• The Atlantic recently did a piece on The Hobbit and why it’s still relevant 80 years later (this week marked the anniversary of its release). I haven’t read LotR, I haven’t read The Hobbit..I should probably get on that (and I should probably get around to reading these other fantasy novels that have been gathering dust on my shelves).

• I can’t. Nacho is now 6 months old and doesn’t fit into his puppy collar anymore. He has his new big boy collar and #cryingforever ♥

MISSED SOMETHING THIS WEEK? Although The Visitors by Catherine Burns was a decent debut, it didn’t deliver on its promises of a creepy, disturbing tale.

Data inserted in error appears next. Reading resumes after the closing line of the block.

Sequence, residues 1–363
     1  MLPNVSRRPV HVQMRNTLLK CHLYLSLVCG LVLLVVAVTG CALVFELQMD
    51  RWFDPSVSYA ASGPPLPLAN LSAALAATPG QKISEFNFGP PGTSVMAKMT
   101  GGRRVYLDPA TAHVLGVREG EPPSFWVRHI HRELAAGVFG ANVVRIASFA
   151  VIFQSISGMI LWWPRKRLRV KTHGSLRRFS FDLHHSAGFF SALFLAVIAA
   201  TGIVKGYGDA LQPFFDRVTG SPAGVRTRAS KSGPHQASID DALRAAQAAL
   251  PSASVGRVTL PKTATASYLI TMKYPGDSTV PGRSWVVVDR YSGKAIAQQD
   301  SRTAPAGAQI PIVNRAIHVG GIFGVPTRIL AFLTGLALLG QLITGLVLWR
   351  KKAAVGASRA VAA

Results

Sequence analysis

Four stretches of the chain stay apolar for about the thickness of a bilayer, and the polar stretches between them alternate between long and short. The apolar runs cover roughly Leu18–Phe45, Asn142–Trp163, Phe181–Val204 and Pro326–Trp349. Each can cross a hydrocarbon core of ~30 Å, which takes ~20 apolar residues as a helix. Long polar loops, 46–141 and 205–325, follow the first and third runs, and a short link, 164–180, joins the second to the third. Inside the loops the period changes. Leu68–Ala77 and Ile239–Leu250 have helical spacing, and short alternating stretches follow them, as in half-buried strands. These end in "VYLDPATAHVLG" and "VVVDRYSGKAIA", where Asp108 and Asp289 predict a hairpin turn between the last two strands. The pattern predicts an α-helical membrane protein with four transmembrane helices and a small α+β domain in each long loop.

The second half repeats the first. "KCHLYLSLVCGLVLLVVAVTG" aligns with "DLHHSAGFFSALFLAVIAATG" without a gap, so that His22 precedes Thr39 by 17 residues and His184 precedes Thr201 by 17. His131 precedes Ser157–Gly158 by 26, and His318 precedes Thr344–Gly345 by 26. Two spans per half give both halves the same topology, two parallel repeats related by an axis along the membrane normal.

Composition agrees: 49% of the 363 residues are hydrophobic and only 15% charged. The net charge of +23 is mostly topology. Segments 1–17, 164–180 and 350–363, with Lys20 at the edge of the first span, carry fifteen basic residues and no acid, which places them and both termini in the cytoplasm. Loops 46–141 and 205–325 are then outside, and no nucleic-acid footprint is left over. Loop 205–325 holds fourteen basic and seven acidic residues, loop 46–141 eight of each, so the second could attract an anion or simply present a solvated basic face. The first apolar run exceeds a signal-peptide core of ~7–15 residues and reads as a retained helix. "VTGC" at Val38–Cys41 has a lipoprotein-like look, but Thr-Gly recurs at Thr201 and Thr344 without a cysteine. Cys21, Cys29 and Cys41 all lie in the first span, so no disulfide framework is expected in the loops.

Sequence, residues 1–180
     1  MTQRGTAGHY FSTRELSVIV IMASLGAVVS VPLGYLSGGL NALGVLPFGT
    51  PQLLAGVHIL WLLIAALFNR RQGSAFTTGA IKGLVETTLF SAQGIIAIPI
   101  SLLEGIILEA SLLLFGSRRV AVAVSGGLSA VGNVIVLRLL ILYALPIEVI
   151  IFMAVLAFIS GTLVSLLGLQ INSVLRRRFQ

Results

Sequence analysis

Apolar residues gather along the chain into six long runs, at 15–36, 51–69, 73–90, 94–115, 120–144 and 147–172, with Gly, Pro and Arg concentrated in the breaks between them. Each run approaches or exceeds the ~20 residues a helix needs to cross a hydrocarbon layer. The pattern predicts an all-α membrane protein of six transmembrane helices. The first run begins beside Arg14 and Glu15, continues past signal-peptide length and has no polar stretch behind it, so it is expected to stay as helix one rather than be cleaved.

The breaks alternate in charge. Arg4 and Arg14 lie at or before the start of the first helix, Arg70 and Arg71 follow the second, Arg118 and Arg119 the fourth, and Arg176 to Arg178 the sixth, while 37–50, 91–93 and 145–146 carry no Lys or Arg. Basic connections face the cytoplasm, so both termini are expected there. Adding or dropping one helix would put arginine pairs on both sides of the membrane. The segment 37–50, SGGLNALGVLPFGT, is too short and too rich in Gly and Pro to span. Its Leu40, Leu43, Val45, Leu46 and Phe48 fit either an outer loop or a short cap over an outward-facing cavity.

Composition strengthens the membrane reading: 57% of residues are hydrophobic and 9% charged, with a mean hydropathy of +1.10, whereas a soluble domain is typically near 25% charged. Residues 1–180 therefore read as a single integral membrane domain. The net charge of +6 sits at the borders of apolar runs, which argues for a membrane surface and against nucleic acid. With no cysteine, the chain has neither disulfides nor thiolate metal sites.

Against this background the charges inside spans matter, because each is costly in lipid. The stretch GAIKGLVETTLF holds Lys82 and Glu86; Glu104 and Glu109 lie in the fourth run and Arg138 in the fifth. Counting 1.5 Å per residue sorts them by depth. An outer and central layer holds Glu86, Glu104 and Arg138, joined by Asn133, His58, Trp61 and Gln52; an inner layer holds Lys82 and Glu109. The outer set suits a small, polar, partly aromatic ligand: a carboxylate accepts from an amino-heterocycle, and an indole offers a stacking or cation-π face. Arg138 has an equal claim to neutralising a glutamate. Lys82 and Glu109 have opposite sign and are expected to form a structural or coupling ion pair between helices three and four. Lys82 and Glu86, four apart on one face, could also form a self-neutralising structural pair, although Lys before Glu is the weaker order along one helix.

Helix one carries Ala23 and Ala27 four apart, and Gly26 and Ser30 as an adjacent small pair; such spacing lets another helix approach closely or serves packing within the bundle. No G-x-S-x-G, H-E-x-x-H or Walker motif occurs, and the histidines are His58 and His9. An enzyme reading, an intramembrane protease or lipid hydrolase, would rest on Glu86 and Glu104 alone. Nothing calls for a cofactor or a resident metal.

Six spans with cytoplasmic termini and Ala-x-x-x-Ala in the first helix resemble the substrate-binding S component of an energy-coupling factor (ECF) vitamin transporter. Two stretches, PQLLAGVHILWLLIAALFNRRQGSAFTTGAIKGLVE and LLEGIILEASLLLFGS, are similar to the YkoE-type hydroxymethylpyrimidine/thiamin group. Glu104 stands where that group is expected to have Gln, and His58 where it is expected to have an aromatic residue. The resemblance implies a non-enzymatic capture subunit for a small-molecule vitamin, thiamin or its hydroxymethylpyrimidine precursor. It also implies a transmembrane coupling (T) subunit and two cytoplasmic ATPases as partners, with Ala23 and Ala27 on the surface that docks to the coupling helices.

Sometimes I Lie by Alice Feeney
Okay, I’m intrigued: it doesn’t come out until March, but television rights have already been bought, B.A. Paris blurbed it, and it’s being compared to Hitchcock. A woman wakes in a hospital, unable to move or speak. She’s convinced her husband had something to do with it. There’s a back-and-forth narrative. I’m game! Thank you, Flatiron Books!